Simon Johnson has posted the article The Bill Daley Problem on his BaselineScenario web site.
The Bill Daley Problem is completely bipartisan – it shows us the White House fails to understand that, at the heart of our economy, we have a huge time bomb.
Johnson goes on to describe the time bomb.
Today’s most dangerous government sponsored enterprises are the largest six bank holding companies: JP Morgan Chase, Bank of America, Citigroup, Wells Fargo, Goldman Sachs, and Morgan Stanley. They are undoubtedly too big to fail – if they were on the brink of failure, they would be rescued by the government, in the sense that their creditors would be protected 100 percent. The market knows this and, as a result, these large institutions can borrow more cheaply than their smaller competitors. This lets them stay big and – amazingly – get bigger.
I wonder if the danger could be ameliorated by explicit statements from the administration to the debt holders of these institutions that they will not be bailed out if the banks go bust. The statement would explicitly emphasize the great risk these people are taking by investing in these banks. Of course, we will never find out the answer to my wonder. No administration, especially not this one, would ever put out such a clear warning.
There a lot of links in the Johnson article which I intend to follow up.
I had been meaning to post something about the appointment of Daley as Obama’s chief of staff as yet another indication that this administration had gone off the rails. Simon Johnson has done all the work and stated the case much more authoritatively than I ever could have done.
I have looked into just a few of the links in Johnson’s article. The first few were over a year old, which is hardly a sign of peoples’ current thinking.
Then I checked out the link “Gene Fama, father of the efficient financial markets view, gets it better than anyone.” This again raises my doubts as to whether or not Simon Johnson and I are on the same wavelength or not.
Gene Fama is definitely infected with the Chicago School of Economics sickness. As the father of the theory of efficient markets, he perverts the whole idea in order to defend capitalism. His theory claims that the market sets prices based on all the current available information. If this were true, then perhaps his claim would be true that capital could not be allocated any better than the way the free market allocates it. He too readily dismisses the idea that bubbles are proof of the failure of efficient markets. He says nobody could have known we had a bubble that was going to burst. Amongst that crowd of nobodies he must dismiss all the people who were predicting that we were in a bubble and it would burst. Some of those people included Nouriel Roubini who was complaining about derivatives as the bubble inflated. Even Warren Buffet was claiming that financial derivatives were financial weapons of mass destruction. All the people who were warning that the repeal of the Glass-Steagall act during the Clinton administration would lead to disaster turned out to be correct. (I count myself among the people who were contemporaneously predicting the fallout from the repeal.) Of course Fama is right that nobody could have predicted the exact date of the burst.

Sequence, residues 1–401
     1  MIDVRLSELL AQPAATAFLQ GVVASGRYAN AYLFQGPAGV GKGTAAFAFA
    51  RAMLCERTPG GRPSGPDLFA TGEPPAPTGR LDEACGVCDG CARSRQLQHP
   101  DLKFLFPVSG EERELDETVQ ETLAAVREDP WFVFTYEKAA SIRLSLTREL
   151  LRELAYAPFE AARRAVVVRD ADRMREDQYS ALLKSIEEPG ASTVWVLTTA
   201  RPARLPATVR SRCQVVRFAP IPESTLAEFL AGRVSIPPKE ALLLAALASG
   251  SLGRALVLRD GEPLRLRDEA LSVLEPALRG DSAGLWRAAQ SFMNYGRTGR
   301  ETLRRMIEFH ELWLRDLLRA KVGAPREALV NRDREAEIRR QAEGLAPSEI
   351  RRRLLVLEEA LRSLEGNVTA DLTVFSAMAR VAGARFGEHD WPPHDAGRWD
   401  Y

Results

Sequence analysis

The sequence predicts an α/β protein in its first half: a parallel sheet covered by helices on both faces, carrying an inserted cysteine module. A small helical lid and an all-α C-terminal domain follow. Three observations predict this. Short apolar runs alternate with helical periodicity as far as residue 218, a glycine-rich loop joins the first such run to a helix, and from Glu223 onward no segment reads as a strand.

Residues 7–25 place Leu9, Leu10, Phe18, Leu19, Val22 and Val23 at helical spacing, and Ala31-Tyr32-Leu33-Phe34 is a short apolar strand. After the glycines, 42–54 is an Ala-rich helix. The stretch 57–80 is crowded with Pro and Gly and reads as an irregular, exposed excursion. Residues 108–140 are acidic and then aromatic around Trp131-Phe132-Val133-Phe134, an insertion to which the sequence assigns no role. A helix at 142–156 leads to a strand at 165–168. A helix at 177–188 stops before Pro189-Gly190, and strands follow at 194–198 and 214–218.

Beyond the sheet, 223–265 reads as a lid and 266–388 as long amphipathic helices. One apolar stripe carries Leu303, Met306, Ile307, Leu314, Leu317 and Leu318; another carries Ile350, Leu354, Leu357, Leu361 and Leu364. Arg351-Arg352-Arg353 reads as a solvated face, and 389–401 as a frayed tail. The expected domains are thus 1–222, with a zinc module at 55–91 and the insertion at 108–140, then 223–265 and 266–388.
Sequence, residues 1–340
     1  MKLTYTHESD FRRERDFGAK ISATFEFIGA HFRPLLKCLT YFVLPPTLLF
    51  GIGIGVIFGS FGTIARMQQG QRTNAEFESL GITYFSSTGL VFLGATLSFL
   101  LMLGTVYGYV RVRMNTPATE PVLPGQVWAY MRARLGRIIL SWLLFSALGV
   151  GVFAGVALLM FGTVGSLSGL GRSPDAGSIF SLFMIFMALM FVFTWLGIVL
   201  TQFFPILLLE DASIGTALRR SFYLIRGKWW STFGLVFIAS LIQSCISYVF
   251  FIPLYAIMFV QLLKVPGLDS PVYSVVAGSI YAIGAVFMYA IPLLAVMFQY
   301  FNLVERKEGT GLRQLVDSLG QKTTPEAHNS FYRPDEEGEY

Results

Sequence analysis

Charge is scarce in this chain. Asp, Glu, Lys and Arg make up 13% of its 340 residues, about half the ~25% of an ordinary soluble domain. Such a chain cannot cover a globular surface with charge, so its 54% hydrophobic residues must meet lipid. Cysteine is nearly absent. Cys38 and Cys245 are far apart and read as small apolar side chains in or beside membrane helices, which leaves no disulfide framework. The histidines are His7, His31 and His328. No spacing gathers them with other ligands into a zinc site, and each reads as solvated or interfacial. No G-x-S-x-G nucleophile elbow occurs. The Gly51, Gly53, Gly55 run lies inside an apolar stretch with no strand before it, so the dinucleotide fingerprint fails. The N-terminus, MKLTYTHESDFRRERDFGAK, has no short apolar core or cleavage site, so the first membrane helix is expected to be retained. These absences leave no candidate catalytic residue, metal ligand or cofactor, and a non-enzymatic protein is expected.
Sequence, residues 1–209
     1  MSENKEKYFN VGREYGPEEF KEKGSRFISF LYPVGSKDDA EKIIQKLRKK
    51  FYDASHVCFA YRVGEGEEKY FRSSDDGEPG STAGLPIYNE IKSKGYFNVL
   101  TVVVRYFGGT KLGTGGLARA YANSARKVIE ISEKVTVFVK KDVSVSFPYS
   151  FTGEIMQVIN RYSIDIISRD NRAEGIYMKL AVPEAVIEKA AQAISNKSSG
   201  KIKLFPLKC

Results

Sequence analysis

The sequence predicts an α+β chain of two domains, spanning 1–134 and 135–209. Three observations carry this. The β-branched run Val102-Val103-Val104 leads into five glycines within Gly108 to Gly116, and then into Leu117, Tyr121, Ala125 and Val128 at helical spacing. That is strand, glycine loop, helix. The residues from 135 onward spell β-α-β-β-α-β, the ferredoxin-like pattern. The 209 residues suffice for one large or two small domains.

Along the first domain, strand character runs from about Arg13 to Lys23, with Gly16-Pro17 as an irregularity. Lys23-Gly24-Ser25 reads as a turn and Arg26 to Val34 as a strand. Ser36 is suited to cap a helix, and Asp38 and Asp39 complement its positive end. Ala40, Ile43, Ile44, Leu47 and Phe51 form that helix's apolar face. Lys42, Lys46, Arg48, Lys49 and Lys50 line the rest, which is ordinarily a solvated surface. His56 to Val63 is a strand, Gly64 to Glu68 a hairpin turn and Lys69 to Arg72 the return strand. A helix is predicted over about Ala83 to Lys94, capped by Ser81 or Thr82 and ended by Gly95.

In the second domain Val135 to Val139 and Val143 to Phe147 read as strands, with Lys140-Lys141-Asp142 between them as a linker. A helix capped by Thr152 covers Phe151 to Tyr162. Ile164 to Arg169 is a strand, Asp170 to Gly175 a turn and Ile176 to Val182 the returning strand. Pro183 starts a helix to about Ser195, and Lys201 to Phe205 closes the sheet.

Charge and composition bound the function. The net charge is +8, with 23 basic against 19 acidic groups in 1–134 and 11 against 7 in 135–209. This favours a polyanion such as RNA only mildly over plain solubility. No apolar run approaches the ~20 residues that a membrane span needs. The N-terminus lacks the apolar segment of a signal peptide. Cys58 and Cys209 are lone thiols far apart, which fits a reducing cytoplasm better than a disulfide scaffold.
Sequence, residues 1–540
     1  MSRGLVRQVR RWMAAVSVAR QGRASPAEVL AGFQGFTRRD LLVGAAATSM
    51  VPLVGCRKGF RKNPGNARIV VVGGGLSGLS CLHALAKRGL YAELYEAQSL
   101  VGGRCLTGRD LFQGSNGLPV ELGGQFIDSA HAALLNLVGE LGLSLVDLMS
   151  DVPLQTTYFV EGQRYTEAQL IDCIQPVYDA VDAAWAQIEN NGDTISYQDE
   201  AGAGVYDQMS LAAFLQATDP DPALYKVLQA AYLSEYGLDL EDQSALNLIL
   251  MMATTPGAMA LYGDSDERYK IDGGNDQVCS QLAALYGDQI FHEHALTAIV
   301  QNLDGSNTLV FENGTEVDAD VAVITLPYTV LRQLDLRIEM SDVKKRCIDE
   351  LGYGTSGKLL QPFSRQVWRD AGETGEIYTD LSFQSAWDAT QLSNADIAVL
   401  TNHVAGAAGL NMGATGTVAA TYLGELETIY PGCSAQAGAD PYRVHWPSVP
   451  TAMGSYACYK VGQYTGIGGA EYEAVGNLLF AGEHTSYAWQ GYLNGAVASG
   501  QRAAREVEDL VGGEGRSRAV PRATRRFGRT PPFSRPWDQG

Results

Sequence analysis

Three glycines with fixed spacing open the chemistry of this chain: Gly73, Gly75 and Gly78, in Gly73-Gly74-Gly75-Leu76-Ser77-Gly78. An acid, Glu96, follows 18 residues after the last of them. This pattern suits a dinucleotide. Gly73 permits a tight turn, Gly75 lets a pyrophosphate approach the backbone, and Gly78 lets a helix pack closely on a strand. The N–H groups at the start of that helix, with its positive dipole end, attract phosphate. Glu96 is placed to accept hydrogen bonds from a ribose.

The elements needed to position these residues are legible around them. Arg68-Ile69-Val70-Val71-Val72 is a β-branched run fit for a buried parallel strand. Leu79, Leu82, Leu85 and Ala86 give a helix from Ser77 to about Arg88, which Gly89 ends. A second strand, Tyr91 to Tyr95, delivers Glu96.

Fama claims that regulation is doomed to fail. He agrees in a way with Simon Johnson that the idea of banks being too big to fail should be off the table. Instead of regulation we ought to raise capital requirements dramatically to as much as 40%. I wonder who Fama thinks has the power to raise this requirement? That wouldn’t be some form of regulator would it? Couldn’t be. He doesn’t believe in regulation.
I know, some of what I am saying is too simplistic an argument against Fama, but no more so than Fama’s use of efficient market theory to defend the Chicago School’s theory of how the world ought to work. They don’t seem to recognize the difference of how something ought to work in a utopian world and the limits on how things can actually work in the real world made up of real people and not some ideal automaton.
If only real people would be completely rational. If only politicians didn’t behave as politicians do. If only big corporations didn’t use their resources to buy off politicians. If only peoples’ lives could be adjusted instantaneously to each turn in the market. If only people didn’t starve when they could not afford to buy food.